The time when Joshua Bell went busking in the subway, and no-one noticed

10 June 2022, 15:35 | Updated: 10 June 2022, 19:03

Violinist Joshua Bell busking in a Washington D.C Metro
Violinist Joshua Bell busking in a Washington D.C Metro. Picture: Getty

By Kyle Macdonald

He’s one of the finest talents in the classical music world, and in 2007 violinist Joshua Bell went busking as an experiment. Would the public realise just what was happening, alongside their daily bustle?

Music director of the Academy of St Martin in the Fields, worldwide star soloist, and former child prodigy. His instrument is a Stradivarius from 1713 and his hair is an icon of classical music in itself....

Joshua Bell is one of the world’s great virtuosos, and one of the biggest names in classical music.

And in 2007 he did some anonymous busking, as a little social experiment to see what might happen.

Joshua Bell sets up his violin at L'Enfant Plaza Metro, in Washington, DC
Joshua Bell sets up his violin at L'Enfant Plaza Metro, in Washington, DC. Picture: Michael Williamson/The Washington Post via Getty Images

What happened when Joshua Bell went busking?

The Washington Post joined Bell in his tuneful test. Ahead of the experiment, the newspaper quizzed American conductor Leonard Slatkin about his predictions.

Slatkin said, “Out of 1,000 people, my guess is there might be 35 or 40 who will recognise the quality for what it is. Maybe 75 to 100 will stop and spend some time listening.” Slatkin thought Bell might make $150 (£121) from his musical metro endeavours.

Read more: The 25 greatest violinists of all time

It was 7.51am on Friday 12 January 2007, in the middle of the morning rush hour, when baseball-capped Bell opened his violin case and started playing, just inside L’Enfant Plaza Metro entrance in the busy centre of Washington DC. Watch what happened below:

Joshua Bell's 'Stop and Hear the Music' metro experiment | The Washington Post

Over a period of 43 minutes, the violinist performed six classical pieces, two from Bach pieces, one Massenet, and one each from Schubert and Ponce.

Out of 1,097 people that passed by Bell, 27 gave money, and only seven actually stopped and listened for any length of time.

In total, Bell made $52.17 (£42.18). And this includes a $20 note from someone who recognised him.

$32.17 for Joshua Bell? It’s not exactly what we – or indeed Slatkin – might have expected. The surprising result of the experiment went viral, and was shared around the world.

Some people see it as a sorrowful tale of all the people who just walked by – of a world too busy, too preoccupied, too uncurious, or even simply disinterested in the best that classical music has to offer.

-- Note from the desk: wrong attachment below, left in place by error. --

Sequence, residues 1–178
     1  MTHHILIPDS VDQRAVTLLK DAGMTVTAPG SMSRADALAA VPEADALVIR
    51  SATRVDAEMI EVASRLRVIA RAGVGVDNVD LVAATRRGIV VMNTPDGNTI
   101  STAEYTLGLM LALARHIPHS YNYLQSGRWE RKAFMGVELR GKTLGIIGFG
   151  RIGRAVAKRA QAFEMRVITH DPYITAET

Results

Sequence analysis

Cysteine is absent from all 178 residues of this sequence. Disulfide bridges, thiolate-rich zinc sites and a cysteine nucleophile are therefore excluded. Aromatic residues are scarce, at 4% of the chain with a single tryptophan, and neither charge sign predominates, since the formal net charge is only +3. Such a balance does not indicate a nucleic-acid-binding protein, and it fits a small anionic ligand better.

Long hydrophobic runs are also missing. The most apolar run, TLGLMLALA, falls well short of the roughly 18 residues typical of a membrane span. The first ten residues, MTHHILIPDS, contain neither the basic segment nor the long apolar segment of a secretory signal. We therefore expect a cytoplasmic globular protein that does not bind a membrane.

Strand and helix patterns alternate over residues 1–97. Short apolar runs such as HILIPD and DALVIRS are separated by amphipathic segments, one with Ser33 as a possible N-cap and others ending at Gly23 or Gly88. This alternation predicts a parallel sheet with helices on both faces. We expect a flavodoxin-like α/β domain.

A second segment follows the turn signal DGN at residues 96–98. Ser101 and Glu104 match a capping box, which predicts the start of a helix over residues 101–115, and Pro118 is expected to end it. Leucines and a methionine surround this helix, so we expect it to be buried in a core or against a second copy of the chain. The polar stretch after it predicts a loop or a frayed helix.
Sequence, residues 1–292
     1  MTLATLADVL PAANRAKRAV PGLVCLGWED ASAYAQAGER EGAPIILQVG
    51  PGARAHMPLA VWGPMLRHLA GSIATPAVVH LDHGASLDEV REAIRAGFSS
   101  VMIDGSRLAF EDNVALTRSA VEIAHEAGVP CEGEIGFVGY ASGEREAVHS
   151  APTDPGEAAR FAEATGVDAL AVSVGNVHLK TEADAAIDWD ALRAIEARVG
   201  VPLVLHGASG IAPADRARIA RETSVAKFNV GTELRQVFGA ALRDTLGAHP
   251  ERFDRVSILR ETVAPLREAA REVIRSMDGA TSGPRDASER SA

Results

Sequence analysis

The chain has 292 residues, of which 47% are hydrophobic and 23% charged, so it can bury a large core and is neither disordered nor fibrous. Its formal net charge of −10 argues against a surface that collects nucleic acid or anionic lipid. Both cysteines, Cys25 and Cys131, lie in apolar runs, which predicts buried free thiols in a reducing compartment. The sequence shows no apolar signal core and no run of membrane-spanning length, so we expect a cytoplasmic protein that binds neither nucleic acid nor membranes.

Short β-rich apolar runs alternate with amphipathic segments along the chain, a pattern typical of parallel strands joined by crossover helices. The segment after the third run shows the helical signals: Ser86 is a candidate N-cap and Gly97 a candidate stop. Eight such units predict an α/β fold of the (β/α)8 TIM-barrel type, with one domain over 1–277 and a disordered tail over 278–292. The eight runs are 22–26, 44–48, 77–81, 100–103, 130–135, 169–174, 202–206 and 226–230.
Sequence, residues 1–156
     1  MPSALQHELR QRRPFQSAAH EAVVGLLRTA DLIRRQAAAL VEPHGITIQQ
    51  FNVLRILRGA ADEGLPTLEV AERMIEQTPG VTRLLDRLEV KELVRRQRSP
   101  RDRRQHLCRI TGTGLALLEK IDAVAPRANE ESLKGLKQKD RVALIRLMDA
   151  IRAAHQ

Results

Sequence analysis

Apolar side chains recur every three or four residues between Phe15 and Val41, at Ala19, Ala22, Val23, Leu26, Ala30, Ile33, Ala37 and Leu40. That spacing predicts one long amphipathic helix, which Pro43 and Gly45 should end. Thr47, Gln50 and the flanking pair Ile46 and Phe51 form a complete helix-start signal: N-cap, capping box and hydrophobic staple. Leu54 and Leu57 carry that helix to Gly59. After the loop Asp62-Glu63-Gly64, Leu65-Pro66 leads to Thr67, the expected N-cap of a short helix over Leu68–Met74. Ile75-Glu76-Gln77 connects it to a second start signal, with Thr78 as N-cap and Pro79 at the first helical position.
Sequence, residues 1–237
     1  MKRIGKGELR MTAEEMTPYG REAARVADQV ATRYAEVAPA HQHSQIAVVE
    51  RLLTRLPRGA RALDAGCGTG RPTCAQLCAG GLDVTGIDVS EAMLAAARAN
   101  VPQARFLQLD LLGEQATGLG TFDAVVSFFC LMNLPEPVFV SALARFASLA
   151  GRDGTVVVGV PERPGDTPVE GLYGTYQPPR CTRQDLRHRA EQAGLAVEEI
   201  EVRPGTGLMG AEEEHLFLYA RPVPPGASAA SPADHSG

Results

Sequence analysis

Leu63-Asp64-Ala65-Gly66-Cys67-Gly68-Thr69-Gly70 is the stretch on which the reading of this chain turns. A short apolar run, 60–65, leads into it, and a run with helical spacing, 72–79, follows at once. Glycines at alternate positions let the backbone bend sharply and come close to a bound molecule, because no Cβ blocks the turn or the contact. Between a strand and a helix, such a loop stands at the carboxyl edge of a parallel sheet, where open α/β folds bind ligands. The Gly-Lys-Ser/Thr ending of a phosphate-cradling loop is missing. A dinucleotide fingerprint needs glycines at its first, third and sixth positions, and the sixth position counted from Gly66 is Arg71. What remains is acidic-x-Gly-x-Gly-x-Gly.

We’re not so sure.

Perhaps, it just is what it is. For those precious 40-something minutes there was music being made among us and for us; as it is every day – whether it be from a Joshua Bell, a future Joshua Bell, or a not-quite Joshua Bell (but who loves music just the same).

Many at the time also thought it a valuable reminder about the musical talent of buskers and informal performers, who are around us most days.

Joshua Bell busking with music from Bach and Schubert
Joshua Bell busking with music from Bach and Schubert. Picture: Michael Williamson/The Washington Post via Getty Images

The legacy of one of classical music’s most viral stories

The informal and spontaneous theme has continued for Bell ever since. In 2014 he surprised a young busker live on television and played a duet with him. And seven years after his L’Enfant Plaza busking experience, the virtuoso returned to the Washington DC Metro. All was very different the second time around.

The violinist returned with players of National YoungArts Foundation, and a bit more fanfare. There was press attention and Instagram pictures galore.

Joshua Bell Metro performance in 2014
Joshua Bell Metro performance in 2014. Picture: Nicholas Kamm, Getty

15 years later, the social experiment is one that’s still talked about (with varying levels of accuracy, according to the feature’s original author). It’s also one that’s often recreated in the social media age.

Maybe the biggest lesson is just in the power of music, whether seen or unseen, noticed or unnoticed. And don’t you just wish that the next time you walked into a railway station, there was a Joshua Bell, or a Nicola Benedetti playing Bach’s Chaconne for solo violin?